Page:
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Tintina Montana Inc.

Tinitina Montana Inc. headquarters is shown in White Sulphur Springs. 

Thom Bridge, thom.bridge@helenair.com

Montana Fish, Wildlife & Parks has weighed in on a proposed copper mine in the Smith River watershed, asking that the Montana Department of Environmental Quality consider potential environmental and social impacts to water, fisheries, wildlife and recreation.

Sandfire Resources America, the new name of the company formerly known as Tintina Resources, is currently in the permitting stage for the proposed Black Butte Copper Project. The White Sulphur Springs-area mine would provide a major economic boost to Meagher County but has drawn opposition from conservation groups concerned about environmental impacts to a tributary of the Smith River.

Sandfire maintains that project design and modern mining engineering will safeguard the environment.

FWP and DEQ have discussed environmental analysis of the project as DEQ prepares an environmental impact statement. The statement will identify anticipated environmental issues with the project, alternatives and mitigations the mine would have to meet to comply with state law.

On Dec. 8, FWP submitted what is now being called an unvetted memo to DEQ. Submission of the memo did not follow internal approval protocols, FWP spokesman Greg Lemon said.

FWP rescinded that memo and sent a new one on Jan. 26. FWP provided copies of both memos to the Independent Record.

Lemon characterized the unvetted memo as a “misunderstanding of where the process is at with DEQ,” meaning that DEQ is in the scoping stage of environmental analysis. Scoping identifies broad environmental concerns that DEQ then looks at more closely. The unvetted memo proposes several mitigation measures that FWP believes are premature, Lemon said.

“On the Tintina mine, we want to be there and participate in that review process as much as we’re needed to, and we’ve been asked to provide information on the fish, wildlife and parks resources in the area,” he said. “We want to participate and we feel it’s our job not only as a sister agency but as stewards of those resources.”

The documents mirror each other in several sections, but the unvetted memo is also critical of DEQ enforcement and suggests that Sandfire be required to post an additional $10 million bond to protect water, recreation and wildlife.

“FWP can cite several examples where DEQ’s enforcement division has been unwilling to apply violations to a broad range of incidents for both point-source and storm water discharges,” the unvetted memo says. “In our experience, investigators have a great deal of latitude to make judgments on the severity of a violation and are frequently unwilling to issue violations that include fines.”

The unvetted memo says the $10 million suggested natural resource bond would “cover chronic and cumulative impacts or accidents affecting aquatic systems, recreation, wildlife, and would address additional demands on FWP resources associated with the proposed mining activity.” It also suggests that Sandfire develop a conservation fund to finance impacts to fish, wildlife, habitat and recreation.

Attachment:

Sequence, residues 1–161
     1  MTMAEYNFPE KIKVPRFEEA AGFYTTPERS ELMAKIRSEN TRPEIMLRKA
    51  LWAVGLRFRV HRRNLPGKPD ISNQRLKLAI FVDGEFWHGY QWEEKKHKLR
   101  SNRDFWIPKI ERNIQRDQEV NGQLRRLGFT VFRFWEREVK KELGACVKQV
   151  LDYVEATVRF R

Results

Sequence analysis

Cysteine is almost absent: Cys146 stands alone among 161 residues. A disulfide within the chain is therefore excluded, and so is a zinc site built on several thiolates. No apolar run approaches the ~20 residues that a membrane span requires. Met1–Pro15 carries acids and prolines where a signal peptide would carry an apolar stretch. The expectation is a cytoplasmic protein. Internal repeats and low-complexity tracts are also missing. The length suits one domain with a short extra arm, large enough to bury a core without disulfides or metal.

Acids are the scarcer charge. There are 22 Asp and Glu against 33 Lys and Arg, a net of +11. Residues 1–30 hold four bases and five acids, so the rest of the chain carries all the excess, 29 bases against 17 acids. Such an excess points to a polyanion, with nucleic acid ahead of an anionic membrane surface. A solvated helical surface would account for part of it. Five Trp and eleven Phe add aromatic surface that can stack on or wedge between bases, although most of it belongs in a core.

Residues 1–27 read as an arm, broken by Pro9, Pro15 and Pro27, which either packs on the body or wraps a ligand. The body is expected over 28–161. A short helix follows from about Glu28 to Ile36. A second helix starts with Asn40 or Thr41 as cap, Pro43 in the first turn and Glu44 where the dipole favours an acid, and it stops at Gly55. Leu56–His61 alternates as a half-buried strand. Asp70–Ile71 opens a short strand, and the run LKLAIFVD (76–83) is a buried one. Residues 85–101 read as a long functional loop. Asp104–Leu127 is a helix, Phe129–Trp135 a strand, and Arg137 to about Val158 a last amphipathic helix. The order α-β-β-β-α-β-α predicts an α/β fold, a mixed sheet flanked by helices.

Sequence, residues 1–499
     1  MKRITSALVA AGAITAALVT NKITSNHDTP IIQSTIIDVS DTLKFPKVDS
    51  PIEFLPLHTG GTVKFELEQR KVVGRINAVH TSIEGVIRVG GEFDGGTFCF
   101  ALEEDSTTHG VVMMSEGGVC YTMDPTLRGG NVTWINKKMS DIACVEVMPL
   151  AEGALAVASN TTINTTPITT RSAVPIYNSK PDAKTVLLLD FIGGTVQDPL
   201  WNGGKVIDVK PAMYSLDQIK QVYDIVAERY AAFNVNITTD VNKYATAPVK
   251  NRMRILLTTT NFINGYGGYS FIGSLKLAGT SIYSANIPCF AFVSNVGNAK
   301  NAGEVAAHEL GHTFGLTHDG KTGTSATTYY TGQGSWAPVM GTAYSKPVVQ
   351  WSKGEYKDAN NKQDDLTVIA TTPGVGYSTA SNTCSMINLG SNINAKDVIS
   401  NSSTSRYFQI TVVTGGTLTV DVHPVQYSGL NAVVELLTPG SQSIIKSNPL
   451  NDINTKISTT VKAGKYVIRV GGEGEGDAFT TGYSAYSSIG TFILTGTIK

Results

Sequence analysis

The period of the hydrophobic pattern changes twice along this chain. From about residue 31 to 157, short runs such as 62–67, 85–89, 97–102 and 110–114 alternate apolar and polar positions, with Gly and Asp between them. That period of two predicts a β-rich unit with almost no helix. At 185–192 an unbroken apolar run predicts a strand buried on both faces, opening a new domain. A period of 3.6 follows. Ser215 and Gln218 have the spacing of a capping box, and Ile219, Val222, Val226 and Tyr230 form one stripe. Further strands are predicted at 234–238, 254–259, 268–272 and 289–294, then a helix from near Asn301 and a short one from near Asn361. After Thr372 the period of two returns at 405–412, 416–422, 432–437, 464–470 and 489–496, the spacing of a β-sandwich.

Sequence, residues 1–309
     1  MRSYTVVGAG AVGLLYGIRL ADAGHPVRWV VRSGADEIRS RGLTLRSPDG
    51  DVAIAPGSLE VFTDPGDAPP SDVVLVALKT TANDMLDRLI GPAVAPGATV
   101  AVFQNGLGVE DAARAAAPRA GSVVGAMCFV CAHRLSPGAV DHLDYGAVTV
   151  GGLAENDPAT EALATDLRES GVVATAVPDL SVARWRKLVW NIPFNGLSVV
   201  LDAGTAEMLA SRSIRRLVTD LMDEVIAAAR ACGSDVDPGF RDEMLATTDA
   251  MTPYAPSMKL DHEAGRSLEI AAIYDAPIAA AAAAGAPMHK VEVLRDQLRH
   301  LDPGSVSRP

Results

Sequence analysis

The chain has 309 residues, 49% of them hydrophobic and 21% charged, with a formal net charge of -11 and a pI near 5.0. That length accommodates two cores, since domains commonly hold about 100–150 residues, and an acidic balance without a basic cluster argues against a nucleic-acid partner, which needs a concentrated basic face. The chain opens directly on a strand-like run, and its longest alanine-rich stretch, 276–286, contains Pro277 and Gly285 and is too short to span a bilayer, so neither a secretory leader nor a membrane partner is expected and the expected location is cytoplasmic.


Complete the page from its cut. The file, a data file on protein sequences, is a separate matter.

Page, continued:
“I think it’s obvious from the revised letter we didn’t feel that (criticism) was appropriate to send to DEQ,” Lemon said. “It was a mistake we corrected in part with the revised letter.”

FWP’s suggested mitigations will come as it gets more information on the project, he added.

DEQ spokeswoman Kristi Ponozzo said her agency has and will continue to work with FWP and other sister agencies to tap needed expertise and information.

The memos cite the same general suggestions for DEQ to consider during scoping: water quality and quantity, fisheries, recreation, wildlife and enforcement.

For water quality and quantity, FWP asks for consideration of long-term and cumulative impacts that may fall below permit standards but still impact the environment.

“While the mining permit will likely require the applicant to comply with discharge permits … it would be beneficial to consider whether there could be chronic impacts that fall below enforceable threshold but could still cause negative impacts to aquatic resources if they occur for extend periods of time,” the revised memo says.

With demands on water in the watershed, high quality water is critical, FWP says. The Smith is also susceptible to periods of low water and high temperatures, and FWP recommends DEQ look at the vulnerability of the fishery with the potential of additional stressors.

FWP raises concerns over impacts to recreation due to expected growth in the area to fill mining and other related jobs.

“Some of the potential impacts are social in nature as demographics change due to the influx of workers from diverse backgrounds and cultures,” the revised memo says, listing a lack of understanding of fish and game laws and ethics, increased camping and trespassing as potential examples, and related issues with increased demand on enforcement.

FWP goes on to suggest DEQ consider impacts to wildlife on multiple fronts. An increase in population could increase conflicts with local landowners and result in more vehicle collisions with wildlife. Some issues could be avoided with education, the revised memo says.

Last year’s detection of federally protected grizzly bears in the area also deserves consideration, FWP says, and an operational plan should provide protections.

The revised memo closes saying that FWP remains committed to working with DEQ at developing mitigations at the appropriate time.

Reporter Tom Kuglin can be reached at 447-4076 @IR_TomKuglin

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